illustrates the potential for widespread and
rapid forest dieback, and associated ecosystem
effects, due to anticipated global climate change.

Climate is a key determinant of vegetation
patterns at landscape and regional spatial
scales. Precipitation variability, including
recurrent drought conditions, has typified the
climate of the Mountain West for at least
thousands of years (Sheppard et al. 2002).

Dendrochronological studies and historical
reports show that past droughts have caused
extensive vegetation mortality across this
region, e.g., as documented in the American
Southwest for severe droughts in the 1580s, 1890s
to early 1900s, 1950s, and the current drought
since 1996 (Swetnam and Betancourt 1998, Allen
and Breshears 1998 and in press). Drought stress
is documented to lead to dieback in many woody
plant species in the West, including spruce
(Picea spp.), fir (Abies spp.), Douglas-fir
(Pseudotsuga menziesii.), pines (Pinus spp.),
junipers (Juniperus spp.), oaks (Quercus spp.),
mesquite (Prosopis spp.), manzanitas
(Arctostaphylos spp.), and paloverdes (Cercidium

Drought-induced tree mortality exhibits a variety
of nonlinear ecological dynamics. Tree mortality
occurs when drought conditions cause threshold
levels of plant water stress to be exceeded,
which can result in tree death by loss of
within-stem hydraulic conductivity (Allen and
Breshears – in press). Also, herbivorous insect
populations can rapidly build up to outbreak
levels in response to increased food availability
from drought-weakened host trees, such as the
various bark beetle species (e.g. Dendroctonus,
Ips, and Scolytus spp.) that attack forest trees
(Furniss and Carolin 1977). As bark beetle
populations build up they become increasingly
successful in killing drought-weakened trees
through mass attacks (Figure 1), with positive
feedbacks for further explosive growth in beetle
numbers which can result in nonlinear ecological
interactions and complex spatial dynamics (cf.
Logan and Powell 2001, Bjornstad et al. 2002).
Bark beetles also selectively kill larger and
low-vigor trees, truncating the size and age
distributions of host species (Swetnam and
Betancourt 1998).

The temporal and spatial patterns of
drought-induced tree mortality also reflect
non-linear dynamics. Through time mortality is
usually at lower background levels, punctuated by
large pulses of high tree death when threshold
drought conditions are exceeded (Swetnam and
Betancourt 1998, Allen and Breshears – in press).
The spatial pattern of drought-induced dieback
often reveals preferential mortality along the
drier, lower fringes of tree species
distributions in western mountain ranges. For
example, the 1950s drought caused a rapid,
drought-induced ecotone shift on the east flank
of the Jemez Mountains in northern New Mexico,
USA (Allen and Breshears 1998). A time sequence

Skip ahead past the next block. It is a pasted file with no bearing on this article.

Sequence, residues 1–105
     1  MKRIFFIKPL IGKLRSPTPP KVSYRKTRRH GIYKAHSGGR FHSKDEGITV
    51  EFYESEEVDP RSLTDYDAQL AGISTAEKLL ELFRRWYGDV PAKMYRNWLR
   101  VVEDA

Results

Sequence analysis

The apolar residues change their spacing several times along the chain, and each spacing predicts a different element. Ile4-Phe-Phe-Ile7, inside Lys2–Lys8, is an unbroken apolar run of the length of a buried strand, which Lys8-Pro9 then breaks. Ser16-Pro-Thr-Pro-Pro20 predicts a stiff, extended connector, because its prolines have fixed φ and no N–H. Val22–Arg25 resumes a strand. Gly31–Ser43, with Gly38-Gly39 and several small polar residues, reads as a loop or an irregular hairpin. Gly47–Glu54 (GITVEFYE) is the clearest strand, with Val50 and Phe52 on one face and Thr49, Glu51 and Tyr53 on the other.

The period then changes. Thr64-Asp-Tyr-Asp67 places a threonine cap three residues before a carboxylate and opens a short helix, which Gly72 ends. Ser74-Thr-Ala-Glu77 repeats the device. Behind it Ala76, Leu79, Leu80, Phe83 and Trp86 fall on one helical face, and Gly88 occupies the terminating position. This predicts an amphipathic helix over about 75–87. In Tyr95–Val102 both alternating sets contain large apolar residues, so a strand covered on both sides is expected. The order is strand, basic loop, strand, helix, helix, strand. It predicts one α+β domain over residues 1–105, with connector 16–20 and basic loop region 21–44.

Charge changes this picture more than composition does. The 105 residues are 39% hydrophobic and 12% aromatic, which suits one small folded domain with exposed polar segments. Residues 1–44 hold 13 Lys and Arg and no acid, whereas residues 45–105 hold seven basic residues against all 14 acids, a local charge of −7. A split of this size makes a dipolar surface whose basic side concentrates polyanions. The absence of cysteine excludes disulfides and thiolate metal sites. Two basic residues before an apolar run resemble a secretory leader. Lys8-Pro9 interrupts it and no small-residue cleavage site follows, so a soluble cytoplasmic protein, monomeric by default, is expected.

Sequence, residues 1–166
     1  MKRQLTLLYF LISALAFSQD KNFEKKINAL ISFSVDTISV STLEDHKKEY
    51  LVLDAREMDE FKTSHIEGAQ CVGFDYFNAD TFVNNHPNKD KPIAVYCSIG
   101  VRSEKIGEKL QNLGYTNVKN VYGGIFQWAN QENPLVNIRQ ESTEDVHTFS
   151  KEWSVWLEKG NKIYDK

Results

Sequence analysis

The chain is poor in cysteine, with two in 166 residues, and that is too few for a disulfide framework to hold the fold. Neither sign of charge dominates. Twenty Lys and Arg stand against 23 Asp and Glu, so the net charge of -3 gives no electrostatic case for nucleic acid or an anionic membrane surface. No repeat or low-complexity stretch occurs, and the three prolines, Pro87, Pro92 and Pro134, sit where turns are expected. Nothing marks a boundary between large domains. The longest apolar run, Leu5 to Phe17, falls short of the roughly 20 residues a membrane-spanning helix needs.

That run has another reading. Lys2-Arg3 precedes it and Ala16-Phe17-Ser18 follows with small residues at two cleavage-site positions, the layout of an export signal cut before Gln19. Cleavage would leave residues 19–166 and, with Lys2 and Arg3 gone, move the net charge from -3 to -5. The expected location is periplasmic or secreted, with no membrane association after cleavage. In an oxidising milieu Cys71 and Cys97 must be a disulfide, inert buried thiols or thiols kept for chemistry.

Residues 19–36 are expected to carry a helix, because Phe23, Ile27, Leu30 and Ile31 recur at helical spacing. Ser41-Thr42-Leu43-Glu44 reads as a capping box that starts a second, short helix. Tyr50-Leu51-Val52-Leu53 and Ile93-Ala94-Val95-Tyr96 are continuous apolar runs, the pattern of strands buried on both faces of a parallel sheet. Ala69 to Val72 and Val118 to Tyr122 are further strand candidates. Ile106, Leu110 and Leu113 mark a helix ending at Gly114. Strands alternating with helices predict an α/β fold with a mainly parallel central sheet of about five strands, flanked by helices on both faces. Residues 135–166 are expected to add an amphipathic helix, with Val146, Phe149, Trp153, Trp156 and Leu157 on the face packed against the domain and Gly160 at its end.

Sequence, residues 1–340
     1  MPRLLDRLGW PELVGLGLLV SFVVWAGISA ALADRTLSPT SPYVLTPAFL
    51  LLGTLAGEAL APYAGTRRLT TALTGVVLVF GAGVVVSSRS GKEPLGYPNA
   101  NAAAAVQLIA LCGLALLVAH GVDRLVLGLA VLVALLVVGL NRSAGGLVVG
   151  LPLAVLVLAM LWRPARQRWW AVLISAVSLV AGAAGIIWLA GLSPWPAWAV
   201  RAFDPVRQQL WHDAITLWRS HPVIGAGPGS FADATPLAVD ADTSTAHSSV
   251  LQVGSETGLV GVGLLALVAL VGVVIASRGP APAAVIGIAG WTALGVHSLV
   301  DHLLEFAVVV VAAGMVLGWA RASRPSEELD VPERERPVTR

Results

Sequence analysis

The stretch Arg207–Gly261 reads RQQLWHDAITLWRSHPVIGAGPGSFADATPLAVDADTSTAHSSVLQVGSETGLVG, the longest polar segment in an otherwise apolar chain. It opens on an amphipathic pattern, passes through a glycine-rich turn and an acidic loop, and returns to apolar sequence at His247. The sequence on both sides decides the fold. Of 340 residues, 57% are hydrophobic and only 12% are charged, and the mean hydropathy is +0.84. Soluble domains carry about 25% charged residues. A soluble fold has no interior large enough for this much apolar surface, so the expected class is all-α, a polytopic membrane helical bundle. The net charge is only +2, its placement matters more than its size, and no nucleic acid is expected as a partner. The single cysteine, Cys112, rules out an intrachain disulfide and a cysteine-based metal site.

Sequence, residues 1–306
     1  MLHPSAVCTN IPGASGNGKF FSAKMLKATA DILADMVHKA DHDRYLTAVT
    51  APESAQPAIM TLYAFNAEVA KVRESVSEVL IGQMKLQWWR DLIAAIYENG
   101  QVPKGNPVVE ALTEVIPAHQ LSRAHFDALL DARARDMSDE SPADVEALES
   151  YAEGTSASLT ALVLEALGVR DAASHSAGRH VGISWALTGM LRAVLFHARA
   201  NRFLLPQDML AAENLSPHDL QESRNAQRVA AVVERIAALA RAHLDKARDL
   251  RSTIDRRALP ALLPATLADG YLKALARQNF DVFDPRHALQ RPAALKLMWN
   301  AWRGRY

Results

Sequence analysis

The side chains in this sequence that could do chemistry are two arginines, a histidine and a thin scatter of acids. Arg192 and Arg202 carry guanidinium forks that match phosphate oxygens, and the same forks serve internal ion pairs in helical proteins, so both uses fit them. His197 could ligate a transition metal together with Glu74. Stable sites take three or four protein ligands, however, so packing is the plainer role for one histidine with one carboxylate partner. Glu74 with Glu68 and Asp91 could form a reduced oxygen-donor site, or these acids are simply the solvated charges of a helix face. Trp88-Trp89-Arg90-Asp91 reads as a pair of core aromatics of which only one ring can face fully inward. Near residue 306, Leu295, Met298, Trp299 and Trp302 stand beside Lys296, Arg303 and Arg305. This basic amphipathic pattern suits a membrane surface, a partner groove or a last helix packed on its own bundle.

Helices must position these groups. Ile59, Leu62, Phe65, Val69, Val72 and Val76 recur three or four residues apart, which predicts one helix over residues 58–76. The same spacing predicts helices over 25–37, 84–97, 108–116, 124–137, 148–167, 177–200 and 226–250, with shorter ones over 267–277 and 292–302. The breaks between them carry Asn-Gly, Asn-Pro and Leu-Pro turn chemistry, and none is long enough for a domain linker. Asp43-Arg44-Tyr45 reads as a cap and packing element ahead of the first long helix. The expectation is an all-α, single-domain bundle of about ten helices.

of aerial photographs shows that the ecotone
between semiarid ponderosa pine forest and
piñon-juniper woodland shifted upslope
extensively (2 km or more) and rapidly (< 5 years) due to the death of most ponderosa pine across the lower fringes of that forest type (Figure 1). This vegetation shift has been persistent since the 1950s, as little ponderosa pine reestablishment has occurred in the ecotone shift zone. Severe droughts also markedly reduce the productivity and cover of herbaceous plants like grasses. Such reductions in ground cover can trigger nonlinear increases in erosion rates once bare soil cover exceeds critical threshold values (Davenport et al. 1998, Wilcox et al. 2003). For example, in concert with historic land use practices (livestock grazing and fire suppression), the 1950s drought apparently initiated persistent increases in soil erosion in piñon-juniper woodland sites in the eastern Jemez Mountains that require management intervention to reverse (Sydoriak et al. 2000). Thus, a short- duration climatic event apparently brought about persistent changes in multiple ecosystem properties. Over the past decade, many portions of the Western US have been subject to significant drought, with associated increases in tree mortality evident. GIS compilations of US Forest Service aerial surveys of insect-related forest dieback since 1997 show widespread mortality in many areas. For example the cumulative effect of multi-year drought since 1996 in the Southwest has resulted in the emergence of extensive bark beetle outbreaks and tree mortality across the region. In the Four Corners area piñon (Pinus edulis) has been particularly hard hit since 2002, with mortality exceeding 90% of mature individuals across broad areas (Figure 1), shifting stand compositions strongly toward juniper dominance. Across the montane forests of the West substantial dieback has been recently observed in many tree species, including Engelmann spruce (Picea engelmanni), Douglas-fir, lodgepole pine (Pinus contorta), ponderosa pine, piñon, junipers, and even aspen (Populus tremuloides). Continue reading